Crisis of Conservatism

Hans Hulsbosch

Hans Hulsbosch is one of Australia’s most influential brand designers and the executive creative director at Hulsbosch – Communication by Design. Over the past 31 years, he has been involved in national rebranding and repositioning projects for Woolworths, Virgin Australia, Masters Home Improvement and national sports retailer, Rebel.

We vote for them, follow their work and revel in their mixed fortunes, but governments of the day also promote a belief in us all. This backdrop of belief permeates across all spheres of life and determines both the tone and interpretation of thinking for current times.

Conservatism also comes from government, no matter the political mandate, and this impacts the creative community in Australia.

Broadly, over the last century we have seen the extremes of traditional political parties migrate toward a conservative and homogenized middle ground. We no longer have a left-wing labor or conventional right-wing model, but all parties overlapping the populist centre. This pandemic of homogeneity pervades all aspects of society and particularly corporate Australia, which tends to swim in the current of the mainstream.

When the Liberals were elected on 7 September last year, several critics warned bad days were ahead and forecasted budget cuts and a lack of investment. They also claimed a healthy creative/arts culture and a conservative government are like oil and water – they don’t mix.

This conservatism is also a challenge for our community of brand designers working with corporates. This is something we must challenge day in, day out by questioning the status quo, and not being complacent.

I’d argue conservatism can drive you to be more creative. The history of the music industry is an example of the successful emergence of a new way of thinking and performing through adversity.

Every generation has had its own youth sub-culture that shocks the established order. Punk, as we know it, began in the early 1970s (although many claimed Elvis was a punk in his day). On both sides of the Atlantic, more and more young and disillusioned white teenagers were looking for an escape from the boredom and constraints of conservative society, with unemployment, racial tensions and social upheaval.

It’s our inheritance as brand designers to search out the next new thing, big idea or movement of change – even to figuratively break the rules. We find ourselves in exactly the same position today as musicians and painters, wanting to always surprise people. That’s how you engage.

There have been times I’ve been challenged by a conservative corporate environment where brand design is considered a cost and not an investment in the company’s future. Thankfully today, most realise the potential of brand. Those who don’t will be left behind by their competitors who do.

In my experience, it is business leaders that make a good or bad impact on creative projects. CEOs usually get their job because they have a vision for their business. CEOs with vision trigger change and are prepared to allocate significant budgets to branding and design. They understand the value to the bottom line.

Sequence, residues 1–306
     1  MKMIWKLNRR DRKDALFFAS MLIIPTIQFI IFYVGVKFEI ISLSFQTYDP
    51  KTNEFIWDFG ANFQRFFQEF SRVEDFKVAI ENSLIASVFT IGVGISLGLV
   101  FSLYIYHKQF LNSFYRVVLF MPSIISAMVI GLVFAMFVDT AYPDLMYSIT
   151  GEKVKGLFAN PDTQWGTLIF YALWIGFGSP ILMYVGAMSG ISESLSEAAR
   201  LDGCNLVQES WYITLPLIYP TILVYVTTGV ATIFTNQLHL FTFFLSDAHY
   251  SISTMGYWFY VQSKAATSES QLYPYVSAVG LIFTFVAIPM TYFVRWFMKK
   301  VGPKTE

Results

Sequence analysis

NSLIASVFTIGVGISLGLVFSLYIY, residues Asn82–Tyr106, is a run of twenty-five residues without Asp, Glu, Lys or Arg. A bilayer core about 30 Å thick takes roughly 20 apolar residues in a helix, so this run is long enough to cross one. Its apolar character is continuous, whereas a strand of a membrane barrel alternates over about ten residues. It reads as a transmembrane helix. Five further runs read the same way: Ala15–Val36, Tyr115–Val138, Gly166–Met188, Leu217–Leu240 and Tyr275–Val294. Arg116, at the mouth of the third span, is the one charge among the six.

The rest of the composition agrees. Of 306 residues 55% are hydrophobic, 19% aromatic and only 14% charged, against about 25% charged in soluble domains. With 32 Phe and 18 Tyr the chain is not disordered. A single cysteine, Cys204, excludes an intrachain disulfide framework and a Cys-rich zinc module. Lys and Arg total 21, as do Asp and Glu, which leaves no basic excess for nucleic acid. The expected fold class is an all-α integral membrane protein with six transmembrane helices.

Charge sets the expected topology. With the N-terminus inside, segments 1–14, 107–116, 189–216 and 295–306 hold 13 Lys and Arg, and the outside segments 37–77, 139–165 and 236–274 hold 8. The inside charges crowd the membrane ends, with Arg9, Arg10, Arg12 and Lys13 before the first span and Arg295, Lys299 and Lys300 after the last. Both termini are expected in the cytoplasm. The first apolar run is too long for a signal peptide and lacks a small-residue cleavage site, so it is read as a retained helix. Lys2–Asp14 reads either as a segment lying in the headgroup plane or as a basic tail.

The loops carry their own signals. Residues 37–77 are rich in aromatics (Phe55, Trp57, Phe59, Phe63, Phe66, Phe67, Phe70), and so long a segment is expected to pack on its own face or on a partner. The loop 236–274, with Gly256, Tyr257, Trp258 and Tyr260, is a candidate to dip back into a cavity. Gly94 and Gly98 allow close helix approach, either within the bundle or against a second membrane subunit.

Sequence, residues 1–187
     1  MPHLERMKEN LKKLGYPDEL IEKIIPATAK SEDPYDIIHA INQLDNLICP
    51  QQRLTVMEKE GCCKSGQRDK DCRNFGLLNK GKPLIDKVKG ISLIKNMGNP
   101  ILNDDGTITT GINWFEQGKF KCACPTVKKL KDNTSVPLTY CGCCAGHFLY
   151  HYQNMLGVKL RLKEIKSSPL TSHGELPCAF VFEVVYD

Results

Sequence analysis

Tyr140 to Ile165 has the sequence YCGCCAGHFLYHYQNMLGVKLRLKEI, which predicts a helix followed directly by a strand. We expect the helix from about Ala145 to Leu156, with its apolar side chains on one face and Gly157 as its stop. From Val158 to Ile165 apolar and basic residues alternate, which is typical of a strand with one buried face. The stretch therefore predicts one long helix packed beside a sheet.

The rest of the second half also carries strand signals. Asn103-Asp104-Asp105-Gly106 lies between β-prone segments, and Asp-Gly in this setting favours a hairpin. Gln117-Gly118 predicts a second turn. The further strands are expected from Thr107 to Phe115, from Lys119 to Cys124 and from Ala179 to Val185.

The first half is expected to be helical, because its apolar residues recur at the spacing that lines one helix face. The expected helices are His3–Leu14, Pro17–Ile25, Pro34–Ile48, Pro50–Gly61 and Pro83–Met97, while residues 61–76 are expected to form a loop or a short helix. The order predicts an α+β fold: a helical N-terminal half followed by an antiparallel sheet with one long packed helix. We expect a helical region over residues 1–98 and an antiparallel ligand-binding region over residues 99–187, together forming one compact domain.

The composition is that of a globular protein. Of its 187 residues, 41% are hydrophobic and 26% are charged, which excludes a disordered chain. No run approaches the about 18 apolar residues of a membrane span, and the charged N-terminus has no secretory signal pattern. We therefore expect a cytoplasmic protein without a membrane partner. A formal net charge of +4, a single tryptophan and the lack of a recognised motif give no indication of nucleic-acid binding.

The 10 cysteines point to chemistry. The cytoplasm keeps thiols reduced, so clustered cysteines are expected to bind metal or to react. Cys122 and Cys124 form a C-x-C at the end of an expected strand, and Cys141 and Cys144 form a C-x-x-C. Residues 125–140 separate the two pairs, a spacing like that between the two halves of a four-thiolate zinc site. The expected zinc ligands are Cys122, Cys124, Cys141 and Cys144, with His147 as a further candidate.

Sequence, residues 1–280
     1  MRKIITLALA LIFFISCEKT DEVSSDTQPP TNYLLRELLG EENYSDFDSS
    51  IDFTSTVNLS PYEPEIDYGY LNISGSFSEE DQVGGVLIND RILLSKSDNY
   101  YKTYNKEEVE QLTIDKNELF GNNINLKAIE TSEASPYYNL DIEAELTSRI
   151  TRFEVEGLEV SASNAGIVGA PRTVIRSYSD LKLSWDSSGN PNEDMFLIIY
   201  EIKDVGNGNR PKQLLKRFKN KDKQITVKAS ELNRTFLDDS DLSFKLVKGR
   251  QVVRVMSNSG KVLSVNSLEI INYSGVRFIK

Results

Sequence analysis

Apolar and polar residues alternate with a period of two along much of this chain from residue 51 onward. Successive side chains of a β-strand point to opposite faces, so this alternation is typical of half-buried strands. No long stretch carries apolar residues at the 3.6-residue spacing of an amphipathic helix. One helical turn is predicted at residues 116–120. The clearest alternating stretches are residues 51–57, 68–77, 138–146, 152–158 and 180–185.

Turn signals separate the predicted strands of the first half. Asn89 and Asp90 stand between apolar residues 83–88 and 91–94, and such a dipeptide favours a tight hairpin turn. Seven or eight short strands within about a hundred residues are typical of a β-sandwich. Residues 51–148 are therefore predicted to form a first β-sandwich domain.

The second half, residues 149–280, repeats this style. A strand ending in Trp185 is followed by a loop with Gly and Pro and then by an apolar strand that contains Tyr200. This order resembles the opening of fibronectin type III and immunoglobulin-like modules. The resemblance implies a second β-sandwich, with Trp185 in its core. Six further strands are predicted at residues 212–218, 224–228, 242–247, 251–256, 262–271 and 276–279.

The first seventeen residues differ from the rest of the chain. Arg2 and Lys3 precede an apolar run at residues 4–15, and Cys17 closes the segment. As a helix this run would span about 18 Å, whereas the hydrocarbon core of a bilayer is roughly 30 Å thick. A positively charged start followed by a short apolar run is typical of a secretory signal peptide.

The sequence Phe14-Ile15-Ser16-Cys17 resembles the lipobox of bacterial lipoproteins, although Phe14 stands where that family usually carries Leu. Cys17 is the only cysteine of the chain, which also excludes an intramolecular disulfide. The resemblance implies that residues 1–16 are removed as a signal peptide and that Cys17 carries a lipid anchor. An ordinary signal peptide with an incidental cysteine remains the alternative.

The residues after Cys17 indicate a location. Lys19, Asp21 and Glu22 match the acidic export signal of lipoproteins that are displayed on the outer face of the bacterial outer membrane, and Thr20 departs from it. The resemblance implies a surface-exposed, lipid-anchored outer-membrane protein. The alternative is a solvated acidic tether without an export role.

When CEO of wagering and lottery company, Tatts Group, Robbie Cooke, approached me late last year for a new brand identity, I asked him what enabled him to launch such big plans. He said he had to present a vision to the board and demonstrate this was innovation for the future of the business.

The Tatts Group example highlights how crucial it is for a CEO to understand the power of brand design. The CEO that has imparted brand DNA to their team is essential, as the business team is the embodiment of the brand.

Another standout example of a business having the courage to shake off conservatism and embrace a new vision is the airline formerly known as Virgin Blue. From 2009, we set out to help transform the low-cost carrier into a full service airline that appealed to both corporate and leisure markets.

Through many a long night, we strategised the new plan and vision and how to implement it, and articulated an informed, creative, design-driven solution.

Hulsbosch consolidated the airline’s disparate domestic and international brands into one unified brand, Virgin Australia, allowing it to speak with a single voice using a contemporary visual language. Hulsbosch worked on all brand iterations from a new name and brand identity to aircraft livery (exteriors) and interiors including seat design and on-board collateral. We also refreshed signage at airports and all styling for VA customer-dedicated lounges.

Virgin Australia showed 81 per cent growth in corporate and government revenues as a result, demonstrating that the repositioning of the brand had real commercial impact. Virgin Australia also led the way in Roy Morgan Research customer satisfaction surveys (June 2010 – March 2012), well ahead of its competitors.

The success of Virgin Australia is built on earned and proven client relationships and wherever possible, that of the CEO. Both of these components were essential in promoting and maintaining the creative plan and brand promise. Keeping stakeholders on board throughout the process is key in giving life to the best and most valued brand creative.

Brand can make the biggest point of difference. If it’s done well, and in collaboration with a company, it will meet an organisation’s wider corporate goals and objectives. Our world is an increasingly fragmented and diluted communication system but the one thing that is consistent is the brand. Therefore the brand is your most potent weapon.

If we can keep challenging conservatism, our visual expression will prosper.

Tags: brand strategy

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